The following modules hardly require any minerals to make at all, but often command a disproportionately high price because they see such common use. They are your bread and butter. I try to explain why they sell so well, to give you a better idea of what to look for when selling items. Even advanced players with lots of skill-points will use these modules, sooner or later.
Note, also, that these modules have so few requirements that unless the market they are in is very robust indeed, you can happily make them with only Production Efficiency IV. Your margins are large enough that PE V is unnecessary.
Warp Core Stabilizer I: Used by anybody that wants to travel and avoid PVP, this module sees constant use, and it takes almost nothing to make.
Salvager I: Most ships that kill NPCs will use these to pick up extra cash. Again, easy to make, and often very overpriced. Similarly, the Analyzer I and Codebreaker I modules are usually in high demand, and producers often forget to market them.
Expanded Cargohold I: Pretty much every player in the game uses these, and the industrials that use them tend to get blown up decently often. Both the tech one and tech two version of this module see a brisk trade, in most areas.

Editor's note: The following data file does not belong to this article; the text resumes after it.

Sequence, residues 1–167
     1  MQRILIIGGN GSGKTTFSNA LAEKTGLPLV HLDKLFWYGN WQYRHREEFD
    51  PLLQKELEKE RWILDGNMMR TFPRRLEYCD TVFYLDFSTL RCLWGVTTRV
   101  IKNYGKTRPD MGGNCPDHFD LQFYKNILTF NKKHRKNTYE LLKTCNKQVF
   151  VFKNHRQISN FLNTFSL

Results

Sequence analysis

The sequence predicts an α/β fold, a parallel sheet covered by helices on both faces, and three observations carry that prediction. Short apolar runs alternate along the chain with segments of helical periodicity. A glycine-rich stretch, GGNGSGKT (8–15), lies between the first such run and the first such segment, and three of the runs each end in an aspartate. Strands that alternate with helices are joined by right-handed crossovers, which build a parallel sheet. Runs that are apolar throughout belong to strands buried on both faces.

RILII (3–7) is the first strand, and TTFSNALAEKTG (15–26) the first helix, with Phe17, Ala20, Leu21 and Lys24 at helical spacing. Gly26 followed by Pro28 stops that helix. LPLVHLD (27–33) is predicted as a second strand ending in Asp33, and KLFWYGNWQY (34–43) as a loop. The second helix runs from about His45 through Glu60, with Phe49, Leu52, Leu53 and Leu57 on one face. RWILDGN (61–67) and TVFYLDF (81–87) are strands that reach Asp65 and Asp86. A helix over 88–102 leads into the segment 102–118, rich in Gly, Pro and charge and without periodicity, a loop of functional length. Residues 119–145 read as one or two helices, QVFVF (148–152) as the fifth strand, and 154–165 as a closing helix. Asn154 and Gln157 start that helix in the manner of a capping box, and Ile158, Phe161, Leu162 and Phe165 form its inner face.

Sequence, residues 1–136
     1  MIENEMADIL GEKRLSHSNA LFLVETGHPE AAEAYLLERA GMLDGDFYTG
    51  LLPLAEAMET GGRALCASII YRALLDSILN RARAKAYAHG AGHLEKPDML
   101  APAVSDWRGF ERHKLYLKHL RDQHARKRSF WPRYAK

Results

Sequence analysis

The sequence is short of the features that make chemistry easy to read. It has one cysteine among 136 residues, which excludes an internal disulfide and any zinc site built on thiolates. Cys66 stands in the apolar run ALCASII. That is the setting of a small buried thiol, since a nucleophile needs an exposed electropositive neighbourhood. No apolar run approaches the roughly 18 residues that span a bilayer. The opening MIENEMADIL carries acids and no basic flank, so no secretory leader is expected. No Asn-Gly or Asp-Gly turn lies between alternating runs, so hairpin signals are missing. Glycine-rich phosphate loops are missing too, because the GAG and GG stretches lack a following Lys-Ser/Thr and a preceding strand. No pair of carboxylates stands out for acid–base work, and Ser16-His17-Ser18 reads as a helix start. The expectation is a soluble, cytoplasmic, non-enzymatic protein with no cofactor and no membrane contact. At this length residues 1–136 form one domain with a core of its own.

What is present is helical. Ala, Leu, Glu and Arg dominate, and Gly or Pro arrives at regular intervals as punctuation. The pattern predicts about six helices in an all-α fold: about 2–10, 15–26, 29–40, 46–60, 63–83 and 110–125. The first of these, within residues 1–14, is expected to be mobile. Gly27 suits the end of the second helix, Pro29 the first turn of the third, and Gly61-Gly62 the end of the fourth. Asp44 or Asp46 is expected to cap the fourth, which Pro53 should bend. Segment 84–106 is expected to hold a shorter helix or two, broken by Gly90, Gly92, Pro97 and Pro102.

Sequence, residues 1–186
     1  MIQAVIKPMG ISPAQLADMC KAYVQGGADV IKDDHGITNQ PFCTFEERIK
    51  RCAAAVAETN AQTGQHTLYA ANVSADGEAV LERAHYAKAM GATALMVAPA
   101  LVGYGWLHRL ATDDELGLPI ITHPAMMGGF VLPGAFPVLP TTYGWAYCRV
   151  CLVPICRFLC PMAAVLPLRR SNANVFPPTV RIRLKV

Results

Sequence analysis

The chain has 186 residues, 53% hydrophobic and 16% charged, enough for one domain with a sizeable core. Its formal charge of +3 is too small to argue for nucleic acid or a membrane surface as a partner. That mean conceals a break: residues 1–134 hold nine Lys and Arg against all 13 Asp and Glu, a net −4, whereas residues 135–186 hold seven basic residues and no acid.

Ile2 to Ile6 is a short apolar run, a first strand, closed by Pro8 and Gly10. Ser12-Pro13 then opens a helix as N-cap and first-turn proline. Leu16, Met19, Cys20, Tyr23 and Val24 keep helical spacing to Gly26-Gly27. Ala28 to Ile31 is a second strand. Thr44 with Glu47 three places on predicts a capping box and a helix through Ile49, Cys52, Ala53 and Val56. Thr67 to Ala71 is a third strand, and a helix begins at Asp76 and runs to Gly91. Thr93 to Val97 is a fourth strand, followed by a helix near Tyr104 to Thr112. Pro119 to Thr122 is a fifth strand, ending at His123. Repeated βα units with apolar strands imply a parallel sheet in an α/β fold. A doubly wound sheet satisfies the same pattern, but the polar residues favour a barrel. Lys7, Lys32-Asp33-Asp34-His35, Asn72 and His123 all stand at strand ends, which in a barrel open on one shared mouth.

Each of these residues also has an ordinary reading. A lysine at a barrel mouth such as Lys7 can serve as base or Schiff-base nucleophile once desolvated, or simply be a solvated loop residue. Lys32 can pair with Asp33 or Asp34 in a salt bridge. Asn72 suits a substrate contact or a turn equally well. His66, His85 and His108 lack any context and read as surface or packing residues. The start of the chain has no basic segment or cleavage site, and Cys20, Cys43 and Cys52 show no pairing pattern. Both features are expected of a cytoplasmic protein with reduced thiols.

Damage Control I: Essential for less skilled players, in many areas with more elite PVPers these will see less use because the tech two version of the module is so easy to train towards.
Reactor Control Unit I: Used to give ships more power grid and thus, more capability to fit larger weapons, these modules cost almost nothing, yet are often just as useful as their tech two version, and so they sell quite well in areas where players use lots of battleships.
Core Probe Launcher I and Expanded Probe Launcher I: These cost almost nothing to make, yet can command excessively high prices. Any explorer not willing to shell out for the faction version will use these, as will the anomaly-hunters that are becoming increasingly common in null-sec.
There are tons of other tech one modules that are useful, and that people sometimes prefer over the tech two equivalent. Any time you yourself need to use a module, consider whether it would be worth getting the blueprint and selling it.